In the days following the killing of George Floyd on May 25 by Minneapolis police officers, the world erupted in protest. People in Chicago, New York City, London, Seoul, Tunis and dozens of other cities have come together to express outrage over police brutality and their belief in the sanctity of black life. In these days, also, institutions and businesses have shared statements purporting to stand in solidarity with the movement for black lives. But many activists and individuals say that words don’t go far enough, particularly for well-heeled organizations that have the power, money and influence to make significant changes.
On June 5, artist Glenn Ligon shared on Instagram a letter from Max Hollein, the director of the Metropolitan Museum of Art. In it, Hollein writes that the Met “stands in solidarity with the black community,” noting that “there is much work that The Met needs to do, and we are committed to doing it.” Though the letter makes no mention of any specific action it will take, other than creating “a workplace that is free from racism and bias.” Nor has the museum, to date, put money toward the movement for black lives, although the museum reported $302.6 million in revenue in fiscal year 2019. The museum has instead shared work by black artists in recent days, including an image of a piece by Ligon in the letter, an effort that rings particularly hollow. A 2019 report from the Andrew W. Mellon Foundation found that only four percent of curators at U.S. art museums were African-American and only twelve percent of museum executives were people of color. For decades, the Met had only one black curator, Lowery Stokes Sims, although it recently hired Denise Murrell as associate curator for nineteenth- and twentieth-century art.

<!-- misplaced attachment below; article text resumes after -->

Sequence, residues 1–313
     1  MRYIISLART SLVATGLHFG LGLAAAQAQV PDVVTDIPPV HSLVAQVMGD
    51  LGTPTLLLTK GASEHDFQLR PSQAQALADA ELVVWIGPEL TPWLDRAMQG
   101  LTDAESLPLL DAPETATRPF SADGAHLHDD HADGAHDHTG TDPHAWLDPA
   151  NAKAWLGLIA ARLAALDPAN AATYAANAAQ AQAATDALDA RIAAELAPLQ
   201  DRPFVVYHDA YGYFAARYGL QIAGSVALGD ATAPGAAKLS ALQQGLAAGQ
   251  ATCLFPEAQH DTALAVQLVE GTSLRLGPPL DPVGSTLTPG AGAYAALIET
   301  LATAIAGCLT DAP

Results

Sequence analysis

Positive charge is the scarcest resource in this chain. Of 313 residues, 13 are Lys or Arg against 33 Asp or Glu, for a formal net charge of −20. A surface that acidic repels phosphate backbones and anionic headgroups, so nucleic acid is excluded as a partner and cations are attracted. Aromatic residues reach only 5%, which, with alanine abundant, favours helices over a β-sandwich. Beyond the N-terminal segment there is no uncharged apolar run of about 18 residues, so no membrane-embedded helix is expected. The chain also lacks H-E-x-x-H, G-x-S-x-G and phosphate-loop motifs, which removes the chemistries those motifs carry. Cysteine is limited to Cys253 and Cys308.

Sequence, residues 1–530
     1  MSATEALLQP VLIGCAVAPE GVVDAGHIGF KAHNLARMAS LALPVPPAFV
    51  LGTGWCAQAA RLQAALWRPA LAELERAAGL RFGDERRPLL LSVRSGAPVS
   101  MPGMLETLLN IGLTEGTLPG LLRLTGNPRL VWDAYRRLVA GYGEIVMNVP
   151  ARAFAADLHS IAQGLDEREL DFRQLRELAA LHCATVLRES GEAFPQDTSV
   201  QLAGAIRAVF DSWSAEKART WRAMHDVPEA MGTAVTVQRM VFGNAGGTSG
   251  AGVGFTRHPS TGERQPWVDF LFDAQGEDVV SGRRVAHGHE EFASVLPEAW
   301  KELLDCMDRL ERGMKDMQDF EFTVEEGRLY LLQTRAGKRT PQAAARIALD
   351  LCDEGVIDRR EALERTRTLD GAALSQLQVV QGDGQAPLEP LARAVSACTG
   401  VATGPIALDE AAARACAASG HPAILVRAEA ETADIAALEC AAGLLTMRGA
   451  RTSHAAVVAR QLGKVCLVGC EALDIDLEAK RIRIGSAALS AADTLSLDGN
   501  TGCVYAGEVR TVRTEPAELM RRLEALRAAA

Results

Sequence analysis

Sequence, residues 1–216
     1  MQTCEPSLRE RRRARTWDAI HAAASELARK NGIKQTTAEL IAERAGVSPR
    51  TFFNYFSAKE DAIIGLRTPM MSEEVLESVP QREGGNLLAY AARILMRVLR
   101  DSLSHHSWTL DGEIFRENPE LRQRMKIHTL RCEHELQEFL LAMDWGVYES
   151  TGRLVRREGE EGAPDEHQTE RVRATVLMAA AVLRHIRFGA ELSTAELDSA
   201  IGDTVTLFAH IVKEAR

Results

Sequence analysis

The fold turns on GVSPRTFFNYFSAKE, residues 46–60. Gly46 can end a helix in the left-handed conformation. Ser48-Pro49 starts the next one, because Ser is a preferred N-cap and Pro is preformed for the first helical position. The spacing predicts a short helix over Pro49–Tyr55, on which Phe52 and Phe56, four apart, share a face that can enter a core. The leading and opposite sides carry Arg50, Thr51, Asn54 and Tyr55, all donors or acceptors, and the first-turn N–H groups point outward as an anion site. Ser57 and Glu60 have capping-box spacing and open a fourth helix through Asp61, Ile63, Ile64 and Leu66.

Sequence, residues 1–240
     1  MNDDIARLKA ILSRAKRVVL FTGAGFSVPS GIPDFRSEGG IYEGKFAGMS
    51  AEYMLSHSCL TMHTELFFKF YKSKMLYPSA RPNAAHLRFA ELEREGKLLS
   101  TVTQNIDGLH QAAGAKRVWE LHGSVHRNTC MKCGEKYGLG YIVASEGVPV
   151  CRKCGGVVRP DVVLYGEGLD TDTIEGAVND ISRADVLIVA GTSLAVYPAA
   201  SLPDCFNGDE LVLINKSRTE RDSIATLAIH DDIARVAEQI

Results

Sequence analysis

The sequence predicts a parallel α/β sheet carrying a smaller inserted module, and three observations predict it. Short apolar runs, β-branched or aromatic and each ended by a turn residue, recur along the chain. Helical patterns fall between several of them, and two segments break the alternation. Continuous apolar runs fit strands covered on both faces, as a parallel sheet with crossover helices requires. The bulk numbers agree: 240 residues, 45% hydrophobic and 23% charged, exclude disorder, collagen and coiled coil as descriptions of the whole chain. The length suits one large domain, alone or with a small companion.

Here in Chicago, the Art Institute and the Museum of Contemporary Art have issued similar statements. The MCA has been called out in particular for its ties to the Chicago Police Department, by the museum’s Teen Creative Agency, a creative youth development program. In a petition on Change.org, TCA asks the museum to acknowledge “the systematic abuse of power and overt brutality exhibited by the police” and to pursue immediate divestment from the Chicago Police Department. MCA director Madeleine Grynsztejn wrote to staff on June 3 that “the MCA maintains a business relationship with the CPD and the Eighteenth District in particular as any organization or business does” and goes on to spell out in detail the two times in the recent past the relationship went beyond the normal coordination of safety issues between its security firm and the police and involved donations. The official statement on “racial injustice” on the MCA website reads: “The MCA is not currently engaged in any current contracts, ongoing contracts, or special services with the Chicago Police Department (CPD), nor does it fund the CPD.”
Other museums and art institutions are taking decisive action. On Thursday, the Walker Art Center reported that it would no longer contract the Minneapolis Police Department for special events. Roots & Culture made a donation to Chicago grassroots collective Assata’s Daughters in the amount of the stipend for its CONNECT residency, which was canceled due to COVID-19. Monique Meloche reported making donations to black-led organizations, such as the Chicago Bond Fund and the Chicago Freedom School, and Patron Gallery is selling artwork as a fundraising move.
What’s most important in this moment is not for every business, organization, cultural leader or person to say the exact right thing. No matter how good the intention behind an alleged solidarity email, words are no longer enough. What’s needed is action, what’s needed is an acknowledgement of past wrongs, what’s needed are firm, detailed commitments to change. This will give the public the opportunity to hold institutions accountable going forward, something that’s impossible to do with slippery statements of solidarity. (Kerry Cardoza)